They did better in the States, where their type of music is going down well at the moment. Their first album was released there just before the tour with the Faces and Deep Purple, and sold well. To support the new album in Britain, they are making a short documentary film, playing some numbers from the album, to be shown in cinemas between the feature films. But they are still worrying about their receptions in this country.

"It's a really strange situation here. It's been a long time trying to forget about Ian, and we've found it hard trying to find a path for ourselves and be accepted. We don't see Ian as any opposition, although there must be some split loyalties among any fans we had. There was never any doubt about us carrying on when Ian left, although his departure was sudden. We've changed a lot, added different instruments. Now we use keyboards and mandolin, when before we depended more on the pedal steel.

We got over the voice difficulty. Too. Ian has a distinctive voice, but we think that Carl Barnwell has a good one too. Carl writes most of the material with me.

So now Southern Comfort are working their way round Britain, trying to build up their name, and face life without Ian Matthews. Ian is currently working with a new unit called Plainsong, and doesn’t see Southern Comfort as any kind of opposition or competition, because he is not choosing to look at things that way, although other might. In fact, his music with Plainsong is surprisingly different from what you might expect from him, after being conditioned to Southern Comfort.
Disc, January 22nd 1972

1. River Woman (Carl Barnwell) - 4:21
2. I Wanna Be Your Mama Again (Doug Sahm) - 3:46
3. Josephine's Biscuit (Carl Barnwell, Mark Griffiths) - 4:32
4. Moganbo/Devil's Canyon (Mark Griffiths) - 5:02
5. Cosmic Jig (Mark Griffiths) - 3:06
6. Lily Brown (Carl Barnwell) - 4:48
7. Russian River (Mark Griffiths) - 2:29
8. Ol' Rudd (Carl Barnwell) - 3:35
9. Harlem Girl (Carl Barnwell) - 4:12
10.I Don't Know (Mark Griffiths) - 2:50
11.Good Ol' 2-6-2 (Mark Griffiths) - 4:50

The Southern Comfort
*Andrew Leigh - Bass, Vocals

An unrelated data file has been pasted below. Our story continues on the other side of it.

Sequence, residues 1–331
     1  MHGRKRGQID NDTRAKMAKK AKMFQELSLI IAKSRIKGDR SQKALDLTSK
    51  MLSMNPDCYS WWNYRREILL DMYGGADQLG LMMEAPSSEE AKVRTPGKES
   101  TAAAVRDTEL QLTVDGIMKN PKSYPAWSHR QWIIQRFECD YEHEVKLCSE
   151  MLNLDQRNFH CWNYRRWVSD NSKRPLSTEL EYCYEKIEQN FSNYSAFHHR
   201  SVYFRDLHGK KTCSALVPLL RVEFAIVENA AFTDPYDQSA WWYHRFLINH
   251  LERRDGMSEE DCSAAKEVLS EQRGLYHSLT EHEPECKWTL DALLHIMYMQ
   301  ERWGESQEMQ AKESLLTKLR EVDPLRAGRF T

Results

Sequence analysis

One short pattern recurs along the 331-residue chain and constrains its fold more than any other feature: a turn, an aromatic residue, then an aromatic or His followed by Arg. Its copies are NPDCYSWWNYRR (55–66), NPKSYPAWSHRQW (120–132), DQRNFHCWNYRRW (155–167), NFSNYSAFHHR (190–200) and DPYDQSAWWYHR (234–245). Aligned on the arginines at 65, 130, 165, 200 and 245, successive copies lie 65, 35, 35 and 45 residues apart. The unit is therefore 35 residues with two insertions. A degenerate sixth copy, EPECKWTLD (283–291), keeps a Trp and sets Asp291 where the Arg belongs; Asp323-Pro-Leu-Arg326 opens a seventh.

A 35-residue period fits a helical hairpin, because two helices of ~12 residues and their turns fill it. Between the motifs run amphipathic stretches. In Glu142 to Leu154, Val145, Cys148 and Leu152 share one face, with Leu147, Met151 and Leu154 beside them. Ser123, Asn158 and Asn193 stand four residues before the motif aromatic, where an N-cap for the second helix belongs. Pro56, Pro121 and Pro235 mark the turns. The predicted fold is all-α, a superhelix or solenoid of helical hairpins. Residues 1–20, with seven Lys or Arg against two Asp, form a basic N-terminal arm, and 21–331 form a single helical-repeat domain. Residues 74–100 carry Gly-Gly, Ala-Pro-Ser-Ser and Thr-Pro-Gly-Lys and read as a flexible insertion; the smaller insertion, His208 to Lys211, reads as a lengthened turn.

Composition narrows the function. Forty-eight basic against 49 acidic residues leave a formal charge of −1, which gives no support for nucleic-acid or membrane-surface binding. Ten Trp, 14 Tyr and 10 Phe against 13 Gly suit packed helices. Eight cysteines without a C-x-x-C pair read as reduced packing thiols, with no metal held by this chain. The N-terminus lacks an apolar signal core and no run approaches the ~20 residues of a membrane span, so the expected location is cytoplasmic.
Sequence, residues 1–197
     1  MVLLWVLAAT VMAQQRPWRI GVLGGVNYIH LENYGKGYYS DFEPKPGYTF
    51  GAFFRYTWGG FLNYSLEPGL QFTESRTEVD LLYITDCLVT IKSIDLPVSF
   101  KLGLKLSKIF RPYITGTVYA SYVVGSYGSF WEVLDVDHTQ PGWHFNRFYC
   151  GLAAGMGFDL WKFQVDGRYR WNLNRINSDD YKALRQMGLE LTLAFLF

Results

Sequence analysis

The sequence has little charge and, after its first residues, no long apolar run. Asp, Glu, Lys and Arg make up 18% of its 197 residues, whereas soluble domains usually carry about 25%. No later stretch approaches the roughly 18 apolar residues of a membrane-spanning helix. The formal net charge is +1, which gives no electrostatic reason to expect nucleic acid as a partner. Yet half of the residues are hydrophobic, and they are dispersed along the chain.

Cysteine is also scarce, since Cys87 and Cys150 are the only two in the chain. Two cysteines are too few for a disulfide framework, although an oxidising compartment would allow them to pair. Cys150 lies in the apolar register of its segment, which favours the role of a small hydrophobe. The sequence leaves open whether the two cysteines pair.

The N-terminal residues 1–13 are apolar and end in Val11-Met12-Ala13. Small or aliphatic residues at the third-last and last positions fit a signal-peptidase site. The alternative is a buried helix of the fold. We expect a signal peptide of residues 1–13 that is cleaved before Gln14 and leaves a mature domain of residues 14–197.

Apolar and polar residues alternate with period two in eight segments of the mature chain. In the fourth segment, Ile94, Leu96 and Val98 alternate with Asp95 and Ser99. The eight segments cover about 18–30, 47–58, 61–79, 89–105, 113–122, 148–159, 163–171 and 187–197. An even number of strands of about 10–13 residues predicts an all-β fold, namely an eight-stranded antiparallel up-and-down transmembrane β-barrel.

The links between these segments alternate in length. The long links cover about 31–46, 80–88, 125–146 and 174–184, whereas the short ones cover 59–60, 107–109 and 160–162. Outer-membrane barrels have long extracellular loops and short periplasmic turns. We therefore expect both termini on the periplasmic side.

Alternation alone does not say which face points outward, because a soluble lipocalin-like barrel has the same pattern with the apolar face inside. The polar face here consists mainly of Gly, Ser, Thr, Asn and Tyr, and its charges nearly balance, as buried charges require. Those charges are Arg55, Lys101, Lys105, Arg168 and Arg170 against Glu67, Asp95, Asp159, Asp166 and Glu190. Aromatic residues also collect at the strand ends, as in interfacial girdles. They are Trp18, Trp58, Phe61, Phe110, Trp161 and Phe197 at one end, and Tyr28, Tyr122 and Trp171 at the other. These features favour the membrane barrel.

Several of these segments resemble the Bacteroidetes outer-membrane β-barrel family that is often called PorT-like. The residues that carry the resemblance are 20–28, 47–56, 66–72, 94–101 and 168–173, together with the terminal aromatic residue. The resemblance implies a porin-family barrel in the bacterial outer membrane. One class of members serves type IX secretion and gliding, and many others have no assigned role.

*Ray Duffy - Drums
*Carl Barnwell - Vocals, Guitar, Piano
*Mark Griffiths - Guitar, Vocals, Harp, Mandolin, Organ
*Gordon Huntley - Pedal Steel Guitar
*Ray Duffy - Percussion

Related Acts
1970  Andrew Leigh - Magician (2011 remaster) 
1970  Matthew's Southern Comfort - Later That Same Year (2008 remaster) 

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Tuesday, November 28, 2017

Tales Of Justine - Petals From A Sunflower Complete Recordings (1967-69 uk, wonderful delicate swinging psychedelia, 2016 remaster)

Tales Of Justine were one of those bands that came along at the outset of UK Psychedelia in the mid to late 60s but their pop dabbling soon lost them the “head” audience as the fashion went more towards heavy, experimental jamming rather than their snappy but trippy songs. Though they (and bands like them), never quite cut the mustard with the hip crowd back then, time on the whole has been kind to them and the type of “caught between two stools” late 60s Psych-Pop that they turned out has subsequently found favour with people all over the world that were too young to experience the Summer Of Love themselves, but wise to the value of a good tune well performed. That’s the odd thing about Psychedelia in broad terms – it worked as expansive, highly experimental underground music but somehow also as an intricate, “instant-nostalgia” pop art format. Justine clearly fitted comfortably into the later group.

With a past that dated back to Potters Bar beat band the Sound Of Silence, Tales Of Justine were spearheaded by the talented David Daltrey, singer, guitarist and yes, relative of the ‘orrible ‘Oo’s Roger. After a brief time as the Court Jesters, they assumed the Tales Of Justine name and hit the early 60s Psychedelic scene that was taking off in clubs such as Middle Earth and the Electric Garden, in the hope that they could become leading lights in the mode of emerging stars Pink Floyd. They were in truth far more traditional in their approach, very pop-orientated indeed and as the evidence here displays, far the better for it.

During the summer of 67 they were espied in concert by Tim Rice, who quickly came to realise their potential. Rice, who along with his partner the awful Andrew Lloyd Webber would of course go on to write some highly lucrative and bafflingly successful musicals, was at this time keeping a keen eye on the pop scene for any rising talent in his role at EMI A&R.Daltrey and Co clearly fitted the bill. He quickly signed them up to a management contract and also got their monikers on the dotted line with his record company overlords too. Success only looked a short step away for Tales Of Justine, but it didn’t quite turn out that way….

Sharing some common ground with fellow Psych-Pop would-be wunderkinds Muswell Hill’s Turquoise (the makers of “Tales Of Flossie Fillett”, who benefited from some association with their near neighbours the Kinks), TOJ specialised in a whimsical and stately version of Psychedelia, but they were not adverse to throwing in the odd mind-melting Freakbeat-esque effort when it pleased them (the stop-start “Sunday School” and the rough version of “Evil Woman” are both somewhat in that mode, some cracking fuzz guitar included in both).